The Azerbaijan Grand prix is the fourth round of the 2018 Formula 1 world championship.
Baku City Circuit
Race laps: 51
Tyre choice: Yellow Soft, red Supersoft, purple Ultrasoft
Complete race distance: 306.153 kilometres (190.235 miles)
Pit lane speed limit: 80 kph (50 mph)
This 6.003-kilometer (3.730-mile), the 20-turn circuit made its debut on the 2016 Formula One calendar. Mercedes driver Nico Rosberg won the inaugural race on his way to capturing the 2016 FIA Formula One World Championship.
Scuderia Ferrari driver Sebastian Vettel holds the race lap record at Baku City Circuit (1:43.441), set last year.
Mercedes driver Lewis Hamilton holds the qualifying lap record at Baku City Circuit (1:40.593), set last year during Q3.
— Formula 1 (@F1) April 23, 2018
Designed by Hermann Tilke, Baku City Circuit is the world’s fastest city circuit
Drivers are able to turn a lap around the 6.003-kilometer (3.730-mile), 20-turn track in under 105 seconds. The dumbbell-shaped layout runs counterclockwise, with a sharp left turn greeting drivers at the end of the main straight, not too dissimilar from the Tilke-designed Circuit of the Americas in Austin, Texas, home to the United States Grand Prix. Baku City Circuit is a unique track that blends old and new. It winds through a modern, Eastern side where swank hotels and high-end shops reside, to a historic area where the streets are narrow and steep before returning to the main straight. This challenging layout is augmented by Baku’s notorious winds, which are always prevalent. In fact, City of Winds is the unofficial, but literary, name for Baku.
DYK? Baku is located 28 meters (92 feet) below sea level, making it the lowest-lying capital city on the planet and the largest city located below sea level.
During the course of the Azerbaijan Grand Prix, lows will range from 11-13 degrees Celsius (52-55 degrees Fahrenheit) to highs of 17-21 degrees Celsius (63-69 degrees Fahrenheit). The average relative humidity in late April is approximately 81 percent and the average daily wind speed in late April is around 6 kph (4 mph).
Focus points Straight-line speed and slow-corner grip
Downforce levels are the second-lowest of the year, after Monza, in an attempt to maximise top speeds along the pit-straight, where the cars are on full-throttle for 24s. The focus for the engineers is to shave off as much downforce as possible, while still working the tyres hard enough to keep them in their operating window.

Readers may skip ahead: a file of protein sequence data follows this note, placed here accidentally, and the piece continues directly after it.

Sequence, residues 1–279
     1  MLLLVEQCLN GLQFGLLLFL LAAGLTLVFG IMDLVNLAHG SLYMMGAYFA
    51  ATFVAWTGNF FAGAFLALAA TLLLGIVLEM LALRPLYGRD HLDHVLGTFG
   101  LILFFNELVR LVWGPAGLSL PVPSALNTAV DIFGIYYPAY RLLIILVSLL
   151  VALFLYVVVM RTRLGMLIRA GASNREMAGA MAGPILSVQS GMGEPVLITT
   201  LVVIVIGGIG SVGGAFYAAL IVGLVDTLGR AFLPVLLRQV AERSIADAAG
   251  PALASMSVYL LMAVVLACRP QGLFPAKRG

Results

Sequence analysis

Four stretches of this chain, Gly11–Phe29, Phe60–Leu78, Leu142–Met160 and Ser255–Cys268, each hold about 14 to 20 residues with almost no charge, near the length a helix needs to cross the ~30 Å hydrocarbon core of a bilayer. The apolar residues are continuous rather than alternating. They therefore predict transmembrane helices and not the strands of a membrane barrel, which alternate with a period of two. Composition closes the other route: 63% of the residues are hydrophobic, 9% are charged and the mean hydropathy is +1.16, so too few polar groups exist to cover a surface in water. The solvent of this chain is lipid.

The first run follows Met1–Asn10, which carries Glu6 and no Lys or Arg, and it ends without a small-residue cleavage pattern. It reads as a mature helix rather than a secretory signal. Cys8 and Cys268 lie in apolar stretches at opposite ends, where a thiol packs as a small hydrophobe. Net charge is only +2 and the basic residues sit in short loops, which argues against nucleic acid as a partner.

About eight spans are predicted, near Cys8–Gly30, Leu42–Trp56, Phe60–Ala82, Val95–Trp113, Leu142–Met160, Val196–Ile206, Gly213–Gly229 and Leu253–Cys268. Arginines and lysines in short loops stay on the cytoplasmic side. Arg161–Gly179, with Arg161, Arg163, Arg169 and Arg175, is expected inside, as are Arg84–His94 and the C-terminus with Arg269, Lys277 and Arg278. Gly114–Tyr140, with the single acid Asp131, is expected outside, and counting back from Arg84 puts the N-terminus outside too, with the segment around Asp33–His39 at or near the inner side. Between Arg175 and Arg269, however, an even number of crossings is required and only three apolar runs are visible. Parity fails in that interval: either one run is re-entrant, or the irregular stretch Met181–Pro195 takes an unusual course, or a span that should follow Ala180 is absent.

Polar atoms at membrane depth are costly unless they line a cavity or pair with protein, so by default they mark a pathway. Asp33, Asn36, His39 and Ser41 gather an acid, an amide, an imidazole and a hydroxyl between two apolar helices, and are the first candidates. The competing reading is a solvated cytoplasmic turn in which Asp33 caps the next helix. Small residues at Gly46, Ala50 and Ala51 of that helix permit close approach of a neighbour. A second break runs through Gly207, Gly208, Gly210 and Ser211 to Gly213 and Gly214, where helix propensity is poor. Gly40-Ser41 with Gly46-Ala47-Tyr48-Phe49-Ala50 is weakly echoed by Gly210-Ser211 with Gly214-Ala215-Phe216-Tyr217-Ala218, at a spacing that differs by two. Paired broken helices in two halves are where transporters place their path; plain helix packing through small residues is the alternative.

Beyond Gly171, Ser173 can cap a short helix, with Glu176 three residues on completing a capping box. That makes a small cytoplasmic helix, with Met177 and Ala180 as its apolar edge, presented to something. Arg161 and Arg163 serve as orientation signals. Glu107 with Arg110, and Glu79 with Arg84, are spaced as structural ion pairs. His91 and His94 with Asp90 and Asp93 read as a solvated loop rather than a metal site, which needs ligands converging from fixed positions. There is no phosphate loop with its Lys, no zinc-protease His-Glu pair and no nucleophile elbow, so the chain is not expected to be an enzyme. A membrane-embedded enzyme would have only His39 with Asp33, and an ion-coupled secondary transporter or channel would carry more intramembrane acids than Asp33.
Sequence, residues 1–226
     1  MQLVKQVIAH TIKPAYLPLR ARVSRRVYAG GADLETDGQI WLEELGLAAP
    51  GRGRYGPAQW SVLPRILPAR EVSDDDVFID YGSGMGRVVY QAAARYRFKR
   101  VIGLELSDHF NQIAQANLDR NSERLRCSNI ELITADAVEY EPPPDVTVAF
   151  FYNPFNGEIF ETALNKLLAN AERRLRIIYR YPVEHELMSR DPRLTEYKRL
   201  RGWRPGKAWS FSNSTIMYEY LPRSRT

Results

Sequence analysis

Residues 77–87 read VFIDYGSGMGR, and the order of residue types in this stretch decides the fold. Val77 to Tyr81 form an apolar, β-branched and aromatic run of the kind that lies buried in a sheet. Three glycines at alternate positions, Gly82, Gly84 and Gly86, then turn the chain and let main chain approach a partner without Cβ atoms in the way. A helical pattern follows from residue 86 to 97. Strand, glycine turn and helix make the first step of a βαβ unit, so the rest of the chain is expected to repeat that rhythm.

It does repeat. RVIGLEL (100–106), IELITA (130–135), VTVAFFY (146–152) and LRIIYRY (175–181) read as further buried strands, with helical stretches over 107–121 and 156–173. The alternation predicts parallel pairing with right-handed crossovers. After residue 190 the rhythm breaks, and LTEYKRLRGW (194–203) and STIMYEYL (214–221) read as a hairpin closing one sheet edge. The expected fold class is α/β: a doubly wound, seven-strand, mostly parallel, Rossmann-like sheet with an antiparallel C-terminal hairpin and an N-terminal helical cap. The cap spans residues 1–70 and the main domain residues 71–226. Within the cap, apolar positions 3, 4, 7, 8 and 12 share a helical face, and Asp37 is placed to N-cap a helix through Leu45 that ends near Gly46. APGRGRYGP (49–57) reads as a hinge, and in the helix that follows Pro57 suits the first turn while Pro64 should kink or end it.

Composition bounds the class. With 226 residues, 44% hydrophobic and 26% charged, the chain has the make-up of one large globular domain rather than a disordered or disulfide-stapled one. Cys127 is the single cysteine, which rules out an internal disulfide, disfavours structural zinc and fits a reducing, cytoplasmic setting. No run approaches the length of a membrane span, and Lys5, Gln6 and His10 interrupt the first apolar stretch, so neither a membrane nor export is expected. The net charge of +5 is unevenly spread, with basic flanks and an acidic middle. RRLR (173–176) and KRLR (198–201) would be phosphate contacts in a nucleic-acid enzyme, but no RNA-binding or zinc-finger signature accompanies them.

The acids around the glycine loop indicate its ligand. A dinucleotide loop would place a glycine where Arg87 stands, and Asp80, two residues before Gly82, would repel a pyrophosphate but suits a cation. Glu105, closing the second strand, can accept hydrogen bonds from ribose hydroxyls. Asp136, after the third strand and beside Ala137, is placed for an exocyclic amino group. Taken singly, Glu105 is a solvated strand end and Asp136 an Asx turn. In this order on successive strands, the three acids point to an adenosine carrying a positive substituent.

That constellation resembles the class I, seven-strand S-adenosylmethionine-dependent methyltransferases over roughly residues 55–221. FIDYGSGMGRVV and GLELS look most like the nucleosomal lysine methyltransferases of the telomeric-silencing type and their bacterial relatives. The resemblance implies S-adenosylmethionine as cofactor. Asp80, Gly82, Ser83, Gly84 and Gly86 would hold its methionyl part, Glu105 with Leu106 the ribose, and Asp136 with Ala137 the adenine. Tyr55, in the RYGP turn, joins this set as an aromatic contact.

Most demanding section Turns Eight to 12. This series of left-right flicks alongside the medieval wall of Baku’s Old Town is also the narrowest section of the track – just 7.6m at its narrowest point. The drivers have to be very precise with their steering inputs and throttle application, which is made all the more difficult by incessant camber changes and a sharp incline in the road.
Unique difficulty The 2.1km/1.305-mile pit-straight produces the highest top speeds of the year. In 2016, Valtteri Bottas clocked 378km/h/235mph here, although speeds were slightly slower last year due to the wider-format cars. At these speeds the brakes cool dramatically, making braking for Turn One particularly difficult.
Braking There are six significant braking events around the lap, the hardest being into Turn One, where the cars slow from a very high speed
The rest of the lap is relatively slow (there are nine third-gear corners) and it’s a delicate balance to optimise brake cooling.
Bottas pipped Stroll to second place in Baku by just 0.105s last year
— Formula 1 (@F1) April 22, 2018
Power The cars use 2kg of fuel per lap, which is high, and without a Safety Car period, the cars are unable to complete the race without a degree of fuel saving. It’s also a demanding race for the ERS because there are long periods of full deployment.
Aero Despite being a street track, Baku is a low-downforce circuit. In terms of the aero package, it’s the second-lowest downforce package of the season, after Monza.